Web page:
THE SECRET PRAYER LIFE
Why God calls us to be more like Clint Eastwood and less like Jonathan Ross when we pray to him.
Whenever you pray, do not be like the hypocrites; for they love to stand and pray in the synagogues and at the street corners, so that they may be seen by others…Whenever you pray, go into your room and shut the door and pray to your Father who is in secret; and your Father who sees in secret will reward you (Matthew 6:5-6)
Jesus’ distaste for the exhibitionist in prayer looks odd from the perspective of a secular culture like ours because people are easily embarrassed by talk of prayer. Sometimes a trauma leads a public figure to say their prayers are with the bereaved and suffering, but only emergencies seem to justify this. We are used to other forms of conspicuous behaviour, like buying fast cars and, more recently, emotional exhibitionism, where people are expected to show how much they care by how much they cry. Spiritual competitiveness, however crass, is with us nevertheless. If nothing compares to our relationship with God, then competing with others over this becomes the ultimate prize. Deeply religious societies, like the one Jesus taught in, are especially prone to it – hence his stern word about conspicuous religion.
Prayer is one of those pursuits which is hindered by over-analysis. It is a vocational rather than an academic discipline. When looked at from the outside, questions flood in: Why pray at all if God knows our needs? Why do some of our deepest prayers go unanswered? How do we know if our prayers for others make a difference, especially if we don’t know them? When looked at from the inside, other priorities take over. All important biblical characters prayed for help. Jesus prayed for help and he gave instructions over how to pray, calling on his followers to discrete, secret and terse intercession. The beauty of prayer is that it doesn’t have to be conspicuous – a truth that works I everyone’s favour when they have needs they would rather not articulate. To go into a room, close the door on the world and pray in secret, as Jesus described, is a wonderful freedom and should make us more aware of the needs of those who lack the critical space to do this because of overcrowding or unsympathetic families.
Jesus’ guidance to pray using few words is intriguing – a call to be more Clint Eastwood and less Jonathan Ross. He thought it was pagan to babble on, where a quantity of words is a poor substitute for a quality of faith. Endless repetition in prayer is often a sign that we are less convinced of our case. Yet this guidance has been misinterpreted by some who think there’s no point talking to God anyway because he knows what we think.
Prayer is the expression of a relationship. Sometimes in a close friendship words don’t need to be spoken; at other times the chatter is constant. Even to speak with God about simple pleasures has its place. If we see a sublime piece of art with someone else, we don’t think: well, she saw it too so what’s the point of talking about it. This is not how conversation functions and the same is true of our relationship with God.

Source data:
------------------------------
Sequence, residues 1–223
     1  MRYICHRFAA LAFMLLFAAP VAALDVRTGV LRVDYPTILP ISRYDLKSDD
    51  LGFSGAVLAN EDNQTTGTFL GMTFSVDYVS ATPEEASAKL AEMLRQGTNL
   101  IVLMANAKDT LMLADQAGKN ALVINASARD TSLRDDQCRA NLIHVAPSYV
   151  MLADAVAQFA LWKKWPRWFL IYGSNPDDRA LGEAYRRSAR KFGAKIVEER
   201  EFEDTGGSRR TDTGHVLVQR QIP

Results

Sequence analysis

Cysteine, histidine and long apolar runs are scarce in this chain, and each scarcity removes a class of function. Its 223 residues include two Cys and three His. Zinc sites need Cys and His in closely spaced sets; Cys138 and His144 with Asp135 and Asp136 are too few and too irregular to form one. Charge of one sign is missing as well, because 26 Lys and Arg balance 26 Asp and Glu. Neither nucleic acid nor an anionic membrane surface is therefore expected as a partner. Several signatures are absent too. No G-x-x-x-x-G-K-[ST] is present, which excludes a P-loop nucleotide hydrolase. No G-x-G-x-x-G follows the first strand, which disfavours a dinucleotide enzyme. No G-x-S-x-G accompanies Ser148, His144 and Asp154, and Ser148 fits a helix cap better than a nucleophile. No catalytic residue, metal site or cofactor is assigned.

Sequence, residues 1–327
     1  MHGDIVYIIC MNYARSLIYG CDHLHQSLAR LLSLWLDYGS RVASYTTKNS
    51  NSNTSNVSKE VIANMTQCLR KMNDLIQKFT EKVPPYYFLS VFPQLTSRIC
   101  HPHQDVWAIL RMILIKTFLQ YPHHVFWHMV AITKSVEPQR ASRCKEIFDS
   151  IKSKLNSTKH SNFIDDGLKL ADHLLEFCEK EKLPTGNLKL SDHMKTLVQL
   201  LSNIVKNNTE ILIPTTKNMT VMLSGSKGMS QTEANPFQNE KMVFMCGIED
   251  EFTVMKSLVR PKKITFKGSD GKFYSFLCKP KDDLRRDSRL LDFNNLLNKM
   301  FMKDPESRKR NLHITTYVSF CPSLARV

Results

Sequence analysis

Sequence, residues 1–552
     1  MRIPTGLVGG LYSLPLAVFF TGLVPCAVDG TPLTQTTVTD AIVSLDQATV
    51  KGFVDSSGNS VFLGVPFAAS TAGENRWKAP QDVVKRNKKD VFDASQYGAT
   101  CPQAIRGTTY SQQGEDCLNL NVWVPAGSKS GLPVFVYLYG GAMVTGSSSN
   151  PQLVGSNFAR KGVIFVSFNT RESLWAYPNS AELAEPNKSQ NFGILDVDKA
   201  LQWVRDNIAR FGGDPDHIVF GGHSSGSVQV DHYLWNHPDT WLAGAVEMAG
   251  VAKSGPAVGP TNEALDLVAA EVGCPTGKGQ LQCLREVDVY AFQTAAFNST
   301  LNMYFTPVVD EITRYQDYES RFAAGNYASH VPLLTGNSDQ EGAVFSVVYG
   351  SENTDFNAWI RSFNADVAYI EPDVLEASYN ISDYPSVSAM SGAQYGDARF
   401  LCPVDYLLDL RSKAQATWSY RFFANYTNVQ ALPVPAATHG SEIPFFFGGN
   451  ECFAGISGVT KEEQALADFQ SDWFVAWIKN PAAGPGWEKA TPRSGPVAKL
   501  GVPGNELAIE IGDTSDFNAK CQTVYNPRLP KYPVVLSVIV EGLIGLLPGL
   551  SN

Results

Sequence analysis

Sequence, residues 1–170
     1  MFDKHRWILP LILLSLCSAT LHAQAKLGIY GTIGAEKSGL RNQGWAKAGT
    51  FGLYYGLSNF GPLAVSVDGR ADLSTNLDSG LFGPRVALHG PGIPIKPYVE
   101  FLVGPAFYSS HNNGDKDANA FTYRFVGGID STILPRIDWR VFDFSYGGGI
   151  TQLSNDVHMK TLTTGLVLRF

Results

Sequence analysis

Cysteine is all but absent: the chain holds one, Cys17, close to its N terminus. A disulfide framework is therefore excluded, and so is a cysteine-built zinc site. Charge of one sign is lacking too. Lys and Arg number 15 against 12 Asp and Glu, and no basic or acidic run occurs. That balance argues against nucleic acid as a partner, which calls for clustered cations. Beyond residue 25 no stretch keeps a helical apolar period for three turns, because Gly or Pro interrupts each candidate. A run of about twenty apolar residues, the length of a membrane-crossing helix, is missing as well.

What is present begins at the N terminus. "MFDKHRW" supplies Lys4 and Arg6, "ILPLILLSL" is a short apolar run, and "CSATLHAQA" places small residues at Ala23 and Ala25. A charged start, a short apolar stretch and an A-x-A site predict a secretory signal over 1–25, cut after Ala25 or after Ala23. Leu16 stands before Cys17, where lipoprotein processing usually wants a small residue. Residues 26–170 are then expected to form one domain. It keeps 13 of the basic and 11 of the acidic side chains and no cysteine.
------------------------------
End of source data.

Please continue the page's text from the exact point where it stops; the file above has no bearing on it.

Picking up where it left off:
The risk, perhaps, in this kind of relationship is one of selfishness where we speak of our own needs and aspirations endlessly, making a travesty of the duty of intercession. The Lord’s Prayer is so helpful in that it follows a clear structure which begins with praise, continues with mission and ends with our needs. We should enter God’s presence with thanksgiving in our hearts. That we often turn to God only when things have gone wrong means that our first contact with him is too like Alex Ferguson’s with a linesman after a dodgy off-side decision. This is not honouring to God, no matter how tempting it is. We come into his presence as humble worshippers not demanding consumers.
To praise God is subversively to find a new perspective. We are also in a better position to pray that the shape of life in this grieving and unjust world may more truly reflect the outline of his kingdom (your kingdom come on earth as it is in heaven). The panorama in front of us is epic in scope and compels a judicious approach where we should be more specific and imaginative than merely saying: ‘Lord, bless Asia’ – even if in principle there is nothing wrong with that.
To intercede is in some way to die to ourselves, where we refuse the urge to self-absorption and demonstrate empathy for those who suffer and faith to pray for the better world which God shall realise. After this we have permission to bring our own needs to him: give us today our daily bread…and lead us not into temptation. These needs are more important to God than we allow ourselves to believe. There are also many times in life when our needs seem to outweigh other people’s and we feel terrible we have no energy left to think of others. God understands this. It is also the moment that other people’s willingness to forfeit their own concerns in prayer in favour of ours brings us deliverance.
In a cynical world, a referral to prayer is often the statement of a lost cause: ‘you’d better pray for a miracle, mate!’, as if the situation is hopeless. This is a reversal of the truth: prayer is the first resort of the faithful, not the last, and one of the greatest gifts of God to the human world.
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